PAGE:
Rand, not lion, is the king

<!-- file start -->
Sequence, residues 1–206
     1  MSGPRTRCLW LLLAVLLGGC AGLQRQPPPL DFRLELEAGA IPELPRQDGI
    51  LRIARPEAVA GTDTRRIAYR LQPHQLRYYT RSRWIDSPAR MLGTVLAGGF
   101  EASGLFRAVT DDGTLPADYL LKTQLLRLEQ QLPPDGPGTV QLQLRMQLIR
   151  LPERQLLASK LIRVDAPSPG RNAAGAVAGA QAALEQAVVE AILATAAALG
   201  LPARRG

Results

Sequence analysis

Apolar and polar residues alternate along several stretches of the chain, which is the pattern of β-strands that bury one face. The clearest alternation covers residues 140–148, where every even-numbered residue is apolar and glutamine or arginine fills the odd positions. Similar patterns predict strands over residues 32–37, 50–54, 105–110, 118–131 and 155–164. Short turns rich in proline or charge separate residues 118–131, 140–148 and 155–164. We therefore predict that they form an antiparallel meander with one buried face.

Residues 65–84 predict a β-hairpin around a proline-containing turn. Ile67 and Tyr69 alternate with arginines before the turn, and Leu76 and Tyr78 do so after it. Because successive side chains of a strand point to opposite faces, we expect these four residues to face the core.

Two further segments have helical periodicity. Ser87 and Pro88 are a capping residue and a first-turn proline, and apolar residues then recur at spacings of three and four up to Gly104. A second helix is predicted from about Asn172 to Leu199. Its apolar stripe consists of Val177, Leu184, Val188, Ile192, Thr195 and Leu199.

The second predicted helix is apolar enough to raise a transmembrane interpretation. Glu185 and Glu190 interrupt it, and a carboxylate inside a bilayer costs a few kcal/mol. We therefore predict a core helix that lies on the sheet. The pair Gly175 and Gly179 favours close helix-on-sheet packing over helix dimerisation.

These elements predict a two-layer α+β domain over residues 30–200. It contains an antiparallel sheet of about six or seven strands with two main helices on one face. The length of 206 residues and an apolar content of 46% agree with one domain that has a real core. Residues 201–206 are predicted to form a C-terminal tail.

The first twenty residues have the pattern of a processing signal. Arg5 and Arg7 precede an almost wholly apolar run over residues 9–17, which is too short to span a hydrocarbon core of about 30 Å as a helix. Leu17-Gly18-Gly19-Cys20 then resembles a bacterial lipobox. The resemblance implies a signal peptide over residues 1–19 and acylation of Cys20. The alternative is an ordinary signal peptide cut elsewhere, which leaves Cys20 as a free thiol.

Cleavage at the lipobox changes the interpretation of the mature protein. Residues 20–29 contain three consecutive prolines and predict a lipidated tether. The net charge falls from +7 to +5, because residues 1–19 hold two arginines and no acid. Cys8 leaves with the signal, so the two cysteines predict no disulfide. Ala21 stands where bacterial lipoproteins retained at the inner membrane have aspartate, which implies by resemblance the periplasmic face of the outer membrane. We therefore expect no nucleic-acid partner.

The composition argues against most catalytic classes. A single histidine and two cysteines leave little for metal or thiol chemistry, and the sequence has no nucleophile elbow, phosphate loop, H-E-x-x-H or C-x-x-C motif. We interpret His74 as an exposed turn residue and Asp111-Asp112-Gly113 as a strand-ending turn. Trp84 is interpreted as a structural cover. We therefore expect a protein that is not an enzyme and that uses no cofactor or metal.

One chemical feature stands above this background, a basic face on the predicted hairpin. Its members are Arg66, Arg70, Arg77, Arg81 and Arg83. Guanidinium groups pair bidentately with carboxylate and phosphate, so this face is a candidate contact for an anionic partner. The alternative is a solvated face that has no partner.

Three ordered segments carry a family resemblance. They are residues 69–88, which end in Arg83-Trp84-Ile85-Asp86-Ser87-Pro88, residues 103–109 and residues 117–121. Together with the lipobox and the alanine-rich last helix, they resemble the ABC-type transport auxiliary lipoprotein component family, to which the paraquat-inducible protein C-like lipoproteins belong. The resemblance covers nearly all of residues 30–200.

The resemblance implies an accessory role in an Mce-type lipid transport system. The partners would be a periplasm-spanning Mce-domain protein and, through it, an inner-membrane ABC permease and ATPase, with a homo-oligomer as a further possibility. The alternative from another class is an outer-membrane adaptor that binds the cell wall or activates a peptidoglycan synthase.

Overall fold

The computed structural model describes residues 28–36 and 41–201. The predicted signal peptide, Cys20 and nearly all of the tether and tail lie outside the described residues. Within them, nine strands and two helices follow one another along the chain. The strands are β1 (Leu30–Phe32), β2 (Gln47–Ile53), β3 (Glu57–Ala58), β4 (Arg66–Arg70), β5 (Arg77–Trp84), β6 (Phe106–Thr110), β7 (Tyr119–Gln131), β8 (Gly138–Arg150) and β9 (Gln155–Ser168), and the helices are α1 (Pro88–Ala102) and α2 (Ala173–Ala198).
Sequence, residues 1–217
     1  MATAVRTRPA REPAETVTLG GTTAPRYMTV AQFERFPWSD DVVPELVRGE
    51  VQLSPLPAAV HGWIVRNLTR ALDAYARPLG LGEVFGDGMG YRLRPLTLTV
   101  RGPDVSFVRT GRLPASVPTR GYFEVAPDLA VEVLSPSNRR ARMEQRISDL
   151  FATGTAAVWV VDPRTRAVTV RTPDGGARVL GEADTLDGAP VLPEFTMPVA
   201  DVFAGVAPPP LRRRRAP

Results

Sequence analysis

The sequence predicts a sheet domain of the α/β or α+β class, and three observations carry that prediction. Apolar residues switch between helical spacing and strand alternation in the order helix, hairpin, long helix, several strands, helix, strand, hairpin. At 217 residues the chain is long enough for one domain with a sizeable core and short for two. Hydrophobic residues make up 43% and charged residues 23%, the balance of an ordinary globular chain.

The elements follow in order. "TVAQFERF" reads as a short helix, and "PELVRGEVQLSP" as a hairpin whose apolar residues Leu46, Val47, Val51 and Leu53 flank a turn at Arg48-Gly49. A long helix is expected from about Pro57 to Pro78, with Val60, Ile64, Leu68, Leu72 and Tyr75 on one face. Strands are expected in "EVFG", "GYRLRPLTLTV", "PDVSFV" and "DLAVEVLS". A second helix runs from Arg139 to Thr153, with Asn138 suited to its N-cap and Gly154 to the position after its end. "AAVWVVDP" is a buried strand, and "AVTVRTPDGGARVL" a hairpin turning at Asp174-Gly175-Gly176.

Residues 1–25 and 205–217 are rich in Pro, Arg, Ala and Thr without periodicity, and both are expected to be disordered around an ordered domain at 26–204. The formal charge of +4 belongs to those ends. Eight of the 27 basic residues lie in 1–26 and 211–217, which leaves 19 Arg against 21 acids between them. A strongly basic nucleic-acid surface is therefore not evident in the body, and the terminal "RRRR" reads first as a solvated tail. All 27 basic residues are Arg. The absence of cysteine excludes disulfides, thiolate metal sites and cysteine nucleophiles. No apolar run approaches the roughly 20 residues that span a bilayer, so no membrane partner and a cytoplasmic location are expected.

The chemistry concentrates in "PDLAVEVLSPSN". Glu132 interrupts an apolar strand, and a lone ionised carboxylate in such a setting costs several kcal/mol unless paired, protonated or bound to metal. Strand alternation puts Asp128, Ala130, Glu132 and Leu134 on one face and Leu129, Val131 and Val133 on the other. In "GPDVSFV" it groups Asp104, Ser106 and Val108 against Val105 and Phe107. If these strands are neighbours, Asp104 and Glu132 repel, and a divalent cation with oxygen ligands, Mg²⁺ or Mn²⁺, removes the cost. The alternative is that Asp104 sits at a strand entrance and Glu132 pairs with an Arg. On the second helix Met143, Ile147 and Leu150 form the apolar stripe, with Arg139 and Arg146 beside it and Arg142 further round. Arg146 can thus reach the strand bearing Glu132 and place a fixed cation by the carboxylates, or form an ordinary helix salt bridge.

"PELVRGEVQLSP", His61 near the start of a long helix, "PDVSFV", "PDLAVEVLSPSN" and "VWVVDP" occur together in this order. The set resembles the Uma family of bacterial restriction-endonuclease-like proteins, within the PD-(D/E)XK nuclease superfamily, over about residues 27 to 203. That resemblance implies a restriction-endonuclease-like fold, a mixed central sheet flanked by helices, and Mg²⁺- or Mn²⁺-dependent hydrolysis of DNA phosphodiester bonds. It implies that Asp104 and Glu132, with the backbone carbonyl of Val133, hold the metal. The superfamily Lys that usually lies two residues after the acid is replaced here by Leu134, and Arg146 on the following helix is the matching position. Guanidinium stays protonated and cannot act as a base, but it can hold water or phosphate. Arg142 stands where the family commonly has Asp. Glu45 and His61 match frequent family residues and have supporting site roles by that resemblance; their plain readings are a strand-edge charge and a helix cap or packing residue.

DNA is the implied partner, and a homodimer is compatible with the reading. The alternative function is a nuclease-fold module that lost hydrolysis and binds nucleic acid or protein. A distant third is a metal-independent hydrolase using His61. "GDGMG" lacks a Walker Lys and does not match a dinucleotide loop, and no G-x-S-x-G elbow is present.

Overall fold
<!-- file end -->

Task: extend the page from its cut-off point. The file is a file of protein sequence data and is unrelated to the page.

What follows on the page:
The government appears to have sold out the lion and caved in to multimillion-rand captive-breeding businesses. South African delegates, part of an international working group on the sidelines of the Cites conference to protect endangered species, have agreed to "annual export quotas for the trade in [lion] bones, bone products, claws, skeletons, skulls and teeth for commercial purposes derived from captive breeding operations in South Africa will be established and communicated annually to the Cites secretariat".The plan, which is detailed in an annexure to trade agreements around lions, will be voted on today.Wildlife rights bodies have been fighting to have lions listed as endangered, which would completely ban the trade in lions and their body parts.Animal rights activists lashed out at South Africa's delegation to Cites for agreeing to the annexure, which they said would result in canned lion hunting thriving in the country.Loraine Liebenberg of Save Our Rhino said: "The resolution that captive lion breeding should be opposed seems to have been forgotten."Thousands of people in South Africa are against the way the talks seem to be manipulated by the government."She said the country needed to remember that when important decisions were made a "pan-African" approach should be taken."Perhaps South Africa has forgotten that this very idea has been supported in decisions made by the African Union."Cites yesterday banned global trade in wild African grey parrots, prized for their ability to imitate human speech, to help counter a decline in numbers .During the past 25 years, more than 1.5 million wild African greys have been taken from their native habitats. - Additional reporting by Reuters..